Thursday, December 06, 2007

What's wrong with "big money"?

I hear all the time that "minorities" should be protected. "Minorities" need the protection of law. Minorities need to have their voices heard. This is widely considered today to be a moral principle of a very high order.

Yet as the spin around the Electoral Finance Bill demonstrates, this defence of minority "rights" is applied by this government and its allies in a most discriminatory manner: it is applied only to racial minorities.

There is one minority however who this government thinks should sit still while the law removes their voice and taxes them to hell; who should remain silent their right to speak freely is muzzled; who should keep quiet even while this government goes through their pockets to pay for views which they oppose.

The one minority whom this government has chosen not to protect but instead to do over, are people who have earned their own money. The rich. The wealthy. This "ownership class" it seems is the one minority that deserves not protection, but out and out political persecution.

Why?

Why shouldn't people be entitled to advertise their own views with their own money, just as long as all are free to do the same thing? Why should people be required to stay silent while they're forced to fund views they oppose? What's actually wrong with "big money" and those who've earned it? Why should the speech of producers be rationed, while they're forced to fund the speech of the unproductive?

There is nothing more cancerous or corrosive than to vilify the most productive members of society.

There was a time last century when those who didn't own property were excluded from voting. one could be forgiven for thinking that those fomenting the present feeding freezy would like to bring about that same situation in reverse.

Perhaps you think the word "persecution" too harsh? Consider this*:
If a small group of men were always regarded as guilty, in any clash with any other group, regardless of the issues or circumstances involved, would you call it persecution? If this group were always made to pay for the sins, errors, or failures of any other group, would you call that persecution? If this group had to live under a silent reign of terror, under special laws, from which all other people were immune, laws which the accused could not grasp or define in advance and which the accuser could interpret in any way he pleased -- would you call that persecution? If this group were penalized, not for its faults, but for its virtues, not for its incompetence, but for its ability, not for its failures, but for its achievements, and the greater the achievement, the greater the penalty -- would you call that persecution?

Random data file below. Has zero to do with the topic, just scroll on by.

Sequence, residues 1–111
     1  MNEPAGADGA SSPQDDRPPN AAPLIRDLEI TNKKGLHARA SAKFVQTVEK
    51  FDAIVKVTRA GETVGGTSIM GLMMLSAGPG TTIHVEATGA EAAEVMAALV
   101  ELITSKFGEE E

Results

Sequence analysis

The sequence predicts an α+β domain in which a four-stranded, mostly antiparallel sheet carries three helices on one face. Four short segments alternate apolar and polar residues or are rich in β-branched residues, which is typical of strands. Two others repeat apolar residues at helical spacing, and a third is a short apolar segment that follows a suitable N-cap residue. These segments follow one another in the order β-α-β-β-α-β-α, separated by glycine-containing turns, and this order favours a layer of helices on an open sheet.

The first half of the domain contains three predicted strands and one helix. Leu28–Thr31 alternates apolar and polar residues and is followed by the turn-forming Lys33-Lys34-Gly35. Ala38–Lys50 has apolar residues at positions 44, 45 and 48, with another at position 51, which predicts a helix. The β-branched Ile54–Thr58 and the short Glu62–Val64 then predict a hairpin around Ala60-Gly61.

If your answer is ''yes'' -- then ask yourself what sort of monstrous injustice you are condoning, supporting, or perpetuating. That group is the [world's] businessmen. . . .
Any good reason they deserve to be silenced?

* * * * *
* From the introduction to Ayn Rand's 1961 article 'America's Persecuted Minority: Big Business,' reprinted in Capitalism: The Unknown Ideal.

UPDATE: A graphic from a reader at Kiwiblog makes plain the difference between "big money" and "government money" under the Electoral Finance Bill:

Labels: , , ,

3 Comments:

Blogger libertyscott said...

One wonders if the theory that the rich can buy opinions and swing voters is true why the vehicle of the Business Roundtable - ACT - has never been a partner in government.

The disconnect with reality is nonsensical, but few will grasp the moral argument. There is an enormous overlay of envy and hatred for others being wealthy. It is seen to be through luck or through cheating. The phrase "you're lucky you can afford..." is the evidence of it

12/06/2007 10:15:00 pm  
Anonymous LGM said...

I remember a guy at university who spoke up during a commerce tutorial about this. When the envy of wealth raised its head, he said, "None of us want to be poor. We all want great success and wealth. That's why we are here today." Then he said, "Let's face it. Poor people are pathetic. There is not much good in poverty and those who are poor are poor for a reason. Whatever it is, it's a self-made reason." There was a silence and a few young women started bleating. He answered that his intention was to become wealthy and enjoy life. He didn't consider anyone should stop him and he didn't consider anyone's opinion or feelings worth more than his own. He pointed out that the women were only there to fetch wealthy husbands- something that later tuned out to be a sound observation. I since heard that Jay is in Europe where he is living a hedonistic lifestyle. Interestingly he was jealous of no-one, but how many are jealous of him!

LGM

12/07/2007 06:06:00 am  
Anonymous simon said...

...that the women were only there to fetch wealthy husbands- something that later tuned out to be a sound observation.

That's true for Auckland Celebrity , Socialite & millionaire Gilda Kirkpatrick. I know that Ruth is jealous of Gilda's celebrity status, because Ruth has inquired in the blogosphere of who Gilda is? Gilda is hot.

12/07/2007 07:18:00 am  

Post a Comment

Respond with a polite and intelligent comment. (Both will be applauded.)

Say what you mean, and mean what you say. (Do others the courtesy of being honest.)

Please put a name to your comments. (If you're prepared to give voice, then back it up with a name.)

And don't troll. Please. (Contemplate doing something more productive with your time, and ours.)

<< Home